The defensive walls in Będzin were probably erected in the sixties of the 14th century, in the place of wooden and earth fortifications and probably repeated older outline. It was a period of particularly intensive development of the city, also confirmed by the construction of other brick buildings. The investment came at the end of the reign of Casimir the Great and the construction of city fortifications and a thorough reconstruction of the castle was associated with the defensive policy of the king, who was probably the founder and investor of both facilities. There are no informations and traces of modernization of fortifications, although it is known about the renovation and reconstruction of the castle in the fifteenth, sixteenth and nineteenth centuries, following subsequent periods of destruction. These reconstructions and repairs also had to apply to the city walls, especially after the town was burned by the Swedes in 1655.
The circumference of the defensive walls marked the shape of a fairly regular oval, elongated in the meridional direction, flattened a little from the east, and from both sides reached the castle, located in the north-western edge of the town. The total length of the fortification line was about 1000 meters.
The defensive wall in Będzin was a massive structure, built of stone on a lime mortar, crowned with a battlement. Significant dimensions of the wall put Będzin in the group of well-fortified Polish cities of the 14th century. The width of the defenders sidewalk was 1,2 – 1,3 meter and basically did not require widening with a wooden porch. From the wood, probably the entrances to the wall were made.
The wall was reinforced with towers, unfortunately their number and spacing can not be fully determined today. They were built according to the same principle and had similar dimensions, they were spaced quite regularly every 50-60 meters. They were rectangular half towers, that were typical of the Polish fortifications of this period, extended entirely outside the wall and open to the interior of the city. The towers were of equal height with the wall and had a sidewalk of defenders and a battlement running at the same level as the wall. They did not have arrowslits on the lower level.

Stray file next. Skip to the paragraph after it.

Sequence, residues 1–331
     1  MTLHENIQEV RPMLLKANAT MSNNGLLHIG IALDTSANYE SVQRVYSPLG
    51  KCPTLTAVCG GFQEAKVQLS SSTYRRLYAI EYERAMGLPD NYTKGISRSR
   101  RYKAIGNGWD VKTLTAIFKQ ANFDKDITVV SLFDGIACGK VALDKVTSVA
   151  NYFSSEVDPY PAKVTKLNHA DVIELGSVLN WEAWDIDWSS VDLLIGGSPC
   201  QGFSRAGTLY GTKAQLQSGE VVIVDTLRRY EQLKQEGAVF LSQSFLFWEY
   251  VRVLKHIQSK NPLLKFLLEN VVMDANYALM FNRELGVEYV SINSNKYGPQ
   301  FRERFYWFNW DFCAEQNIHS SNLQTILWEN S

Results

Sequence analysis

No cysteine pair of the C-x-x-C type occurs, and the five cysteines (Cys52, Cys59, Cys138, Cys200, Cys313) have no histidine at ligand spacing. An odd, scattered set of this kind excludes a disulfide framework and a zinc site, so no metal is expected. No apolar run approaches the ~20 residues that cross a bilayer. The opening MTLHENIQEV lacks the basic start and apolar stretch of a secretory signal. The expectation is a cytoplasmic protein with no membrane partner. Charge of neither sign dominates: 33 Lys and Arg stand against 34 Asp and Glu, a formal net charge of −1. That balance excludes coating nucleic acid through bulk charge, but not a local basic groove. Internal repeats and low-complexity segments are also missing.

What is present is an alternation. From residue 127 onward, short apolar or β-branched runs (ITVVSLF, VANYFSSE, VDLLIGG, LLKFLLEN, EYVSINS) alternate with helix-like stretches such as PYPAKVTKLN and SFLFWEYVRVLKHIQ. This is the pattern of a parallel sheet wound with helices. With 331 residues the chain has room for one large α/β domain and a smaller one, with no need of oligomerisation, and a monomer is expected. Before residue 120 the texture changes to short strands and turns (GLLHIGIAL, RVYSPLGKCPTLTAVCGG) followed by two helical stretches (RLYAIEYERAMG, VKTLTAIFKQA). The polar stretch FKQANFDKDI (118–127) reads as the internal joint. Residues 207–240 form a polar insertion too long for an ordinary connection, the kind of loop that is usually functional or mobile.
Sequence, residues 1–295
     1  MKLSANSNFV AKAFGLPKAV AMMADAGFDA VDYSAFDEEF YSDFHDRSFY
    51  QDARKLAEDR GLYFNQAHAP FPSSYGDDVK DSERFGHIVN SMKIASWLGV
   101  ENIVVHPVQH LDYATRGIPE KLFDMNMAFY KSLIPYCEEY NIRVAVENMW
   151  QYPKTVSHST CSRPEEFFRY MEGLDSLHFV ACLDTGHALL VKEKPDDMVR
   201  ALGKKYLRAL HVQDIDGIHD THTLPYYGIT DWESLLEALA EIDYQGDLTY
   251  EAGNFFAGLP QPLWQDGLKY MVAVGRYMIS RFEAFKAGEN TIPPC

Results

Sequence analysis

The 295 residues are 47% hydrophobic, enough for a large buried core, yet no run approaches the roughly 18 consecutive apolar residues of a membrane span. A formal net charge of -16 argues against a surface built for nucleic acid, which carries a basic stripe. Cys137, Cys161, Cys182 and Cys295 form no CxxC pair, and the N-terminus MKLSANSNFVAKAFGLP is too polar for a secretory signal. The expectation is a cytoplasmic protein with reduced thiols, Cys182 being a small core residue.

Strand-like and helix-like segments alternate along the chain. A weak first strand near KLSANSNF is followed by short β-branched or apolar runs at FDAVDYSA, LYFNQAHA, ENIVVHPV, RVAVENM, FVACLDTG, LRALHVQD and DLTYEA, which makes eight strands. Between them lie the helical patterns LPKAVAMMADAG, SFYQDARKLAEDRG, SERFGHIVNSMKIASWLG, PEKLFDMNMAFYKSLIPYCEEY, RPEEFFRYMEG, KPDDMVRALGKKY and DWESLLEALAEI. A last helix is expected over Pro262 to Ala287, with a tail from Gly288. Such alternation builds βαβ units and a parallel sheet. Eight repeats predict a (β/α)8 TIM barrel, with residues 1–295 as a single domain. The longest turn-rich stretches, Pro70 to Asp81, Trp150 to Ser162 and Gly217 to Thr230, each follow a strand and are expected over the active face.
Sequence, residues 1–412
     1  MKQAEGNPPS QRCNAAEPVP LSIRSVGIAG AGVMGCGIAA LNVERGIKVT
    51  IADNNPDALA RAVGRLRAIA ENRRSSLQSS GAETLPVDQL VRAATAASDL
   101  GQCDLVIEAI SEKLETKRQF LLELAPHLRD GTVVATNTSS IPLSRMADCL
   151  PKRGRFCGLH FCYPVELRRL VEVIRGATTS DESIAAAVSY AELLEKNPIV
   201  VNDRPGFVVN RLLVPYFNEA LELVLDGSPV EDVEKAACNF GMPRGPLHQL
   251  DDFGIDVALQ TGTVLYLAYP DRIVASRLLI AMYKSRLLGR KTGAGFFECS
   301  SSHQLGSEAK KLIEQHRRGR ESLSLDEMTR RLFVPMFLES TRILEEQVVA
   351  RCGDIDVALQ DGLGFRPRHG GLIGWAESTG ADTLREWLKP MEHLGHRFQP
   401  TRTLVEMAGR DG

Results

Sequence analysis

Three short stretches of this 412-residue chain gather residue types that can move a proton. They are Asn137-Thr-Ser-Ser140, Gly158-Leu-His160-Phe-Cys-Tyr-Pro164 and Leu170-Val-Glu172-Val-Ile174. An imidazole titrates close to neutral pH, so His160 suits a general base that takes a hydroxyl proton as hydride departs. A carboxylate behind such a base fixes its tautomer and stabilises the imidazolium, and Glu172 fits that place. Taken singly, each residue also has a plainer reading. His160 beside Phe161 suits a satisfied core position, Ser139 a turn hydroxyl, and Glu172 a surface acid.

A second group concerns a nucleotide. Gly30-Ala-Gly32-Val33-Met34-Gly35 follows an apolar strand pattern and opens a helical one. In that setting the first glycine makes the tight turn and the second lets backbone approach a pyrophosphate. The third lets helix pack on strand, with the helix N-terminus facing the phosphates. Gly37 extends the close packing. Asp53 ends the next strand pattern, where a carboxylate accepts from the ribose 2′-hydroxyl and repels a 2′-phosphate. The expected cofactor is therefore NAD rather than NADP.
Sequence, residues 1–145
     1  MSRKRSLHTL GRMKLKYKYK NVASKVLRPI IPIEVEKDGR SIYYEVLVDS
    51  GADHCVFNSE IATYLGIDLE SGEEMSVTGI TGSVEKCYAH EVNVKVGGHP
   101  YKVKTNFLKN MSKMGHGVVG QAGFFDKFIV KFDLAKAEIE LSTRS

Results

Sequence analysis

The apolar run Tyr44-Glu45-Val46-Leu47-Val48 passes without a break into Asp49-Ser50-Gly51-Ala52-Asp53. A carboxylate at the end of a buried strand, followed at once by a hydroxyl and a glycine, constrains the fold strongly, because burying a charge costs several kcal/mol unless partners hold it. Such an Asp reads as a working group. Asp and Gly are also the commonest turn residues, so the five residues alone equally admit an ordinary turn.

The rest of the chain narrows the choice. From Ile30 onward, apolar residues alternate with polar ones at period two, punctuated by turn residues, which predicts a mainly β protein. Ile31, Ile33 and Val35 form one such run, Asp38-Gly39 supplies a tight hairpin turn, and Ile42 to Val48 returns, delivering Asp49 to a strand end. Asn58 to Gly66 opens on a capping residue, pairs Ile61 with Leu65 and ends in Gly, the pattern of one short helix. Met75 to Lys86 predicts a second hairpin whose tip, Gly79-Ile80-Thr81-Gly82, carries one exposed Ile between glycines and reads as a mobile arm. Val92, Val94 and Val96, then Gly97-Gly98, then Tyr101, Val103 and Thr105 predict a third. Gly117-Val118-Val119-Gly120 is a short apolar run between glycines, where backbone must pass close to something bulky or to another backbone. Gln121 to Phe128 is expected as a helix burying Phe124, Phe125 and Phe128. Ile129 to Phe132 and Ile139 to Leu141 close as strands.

The town also had two gates, the eastern one called Sławków Gate also known as Kraków Gate, and Bytom Gate otherwise Wrocław Gate. They have not been preserved and their appearance is not known. Based on the plan from the nineteenth century, one can only assume that the Sławków Gate had a foregate.
Significant parts of the defensive walls with two half towers have been preserved in the southern and eastern parts of the circuit. Recently, they have been renovated and subjected to partial reconstruction.
Widawski J., Miejskie mury obronne w państwie polskim do początku XV wieku, Warszawa 1973.